Yesterday, I discussed the Chinese bid for Unocal and how progressives ought to view the move. Today the Financial Times reports that Iran's newly elected president, Mahmoud Ahmadi-Nejad, is considering a "total overhaul" of the Iranian oil sector, to include increased foreign investment under conditions that favor Chinese investors. The timing could not be more interesting.
So I'm still arguing that progressives are better served by allowing China to enter the global energy major leagues rather than excluding them and thus pushing China to seek out energy supplies by non-economic means. Today's Iranian development just reinforces the conundrum for Bush's fossilized energy strategy.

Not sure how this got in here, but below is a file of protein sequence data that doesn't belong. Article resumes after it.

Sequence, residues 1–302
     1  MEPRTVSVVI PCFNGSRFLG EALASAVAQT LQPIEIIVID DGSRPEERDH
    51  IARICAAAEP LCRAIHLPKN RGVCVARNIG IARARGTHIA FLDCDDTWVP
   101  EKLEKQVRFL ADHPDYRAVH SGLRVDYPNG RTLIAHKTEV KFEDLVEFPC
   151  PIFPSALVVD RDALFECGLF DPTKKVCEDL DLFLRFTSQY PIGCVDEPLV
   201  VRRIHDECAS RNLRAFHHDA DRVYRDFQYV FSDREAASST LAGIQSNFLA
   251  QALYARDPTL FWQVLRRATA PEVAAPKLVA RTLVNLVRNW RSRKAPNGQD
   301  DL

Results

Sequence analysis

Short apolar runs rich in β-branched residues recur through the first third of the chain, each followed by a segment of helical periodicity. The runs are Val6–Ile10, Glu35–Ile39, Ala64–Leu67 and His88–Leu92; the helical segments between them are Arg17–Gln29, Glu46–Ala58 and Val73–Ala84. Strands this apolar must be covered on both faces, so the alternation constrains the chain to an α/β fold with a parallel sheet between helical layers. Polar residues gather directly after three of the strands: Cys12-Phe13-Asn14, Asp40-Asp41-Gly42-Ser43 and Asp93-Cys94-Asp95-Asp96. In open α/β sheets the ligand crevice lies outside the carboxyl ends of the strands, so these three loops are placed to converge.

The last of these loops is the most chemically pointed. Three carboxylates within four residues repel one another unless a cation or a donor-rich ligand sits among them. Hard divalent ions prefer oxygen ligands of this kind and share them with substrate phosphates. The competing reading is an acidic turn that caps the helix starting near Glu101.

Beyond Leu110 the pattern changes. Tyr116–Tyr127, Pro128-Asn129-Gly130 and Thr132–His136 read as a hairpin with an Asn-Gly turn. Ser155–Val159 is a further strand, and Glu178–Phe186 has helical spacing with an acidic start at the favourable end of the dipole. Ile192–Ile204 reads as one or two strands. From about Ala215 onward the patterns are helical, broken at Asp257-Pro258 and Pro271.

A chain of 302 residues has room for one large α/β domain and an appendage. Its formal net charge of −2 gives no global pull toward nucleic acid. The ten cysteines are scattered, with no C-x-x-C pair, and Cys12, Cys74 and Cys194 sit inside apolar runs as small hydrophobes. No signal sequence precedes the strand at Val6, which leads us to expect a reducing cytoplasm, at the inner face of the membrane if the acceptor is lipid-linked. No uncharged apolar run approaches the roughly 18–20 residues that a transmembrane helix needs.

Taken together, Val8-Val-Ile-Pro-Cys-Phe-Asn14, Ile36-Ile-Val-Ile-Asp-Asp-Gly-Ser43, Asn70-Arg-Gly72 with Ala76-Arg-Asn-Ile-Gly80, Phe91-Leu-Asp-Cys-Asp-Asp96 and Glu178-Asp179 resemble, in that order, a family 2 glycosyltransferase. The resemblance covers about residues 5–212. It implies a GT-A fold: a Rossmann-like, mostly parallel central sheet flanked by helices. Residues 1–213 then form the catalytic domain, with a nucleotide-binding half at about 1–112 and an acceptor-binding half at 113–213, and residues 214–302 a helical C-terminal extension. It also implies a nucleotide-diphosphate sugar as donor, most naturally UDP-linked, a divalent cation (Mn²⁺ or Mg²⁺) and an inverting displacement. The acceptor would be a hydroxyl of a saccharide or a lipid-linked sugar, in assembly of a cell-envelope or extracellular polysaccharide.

First, the Iranian move. The FT article, by Carlos Hoyos and Gareth Smyth (sorry, this one is subscription only) describe conditions that are not economically attractive to private-sector energy companies like those in the United States, Europe and Japan. The new Iranian president has vowed to protect Iranian oil companies by continuing to back a type of contract, a "buy-back," that presents an obstacle to foreign investors. Here's a clip from the FT:
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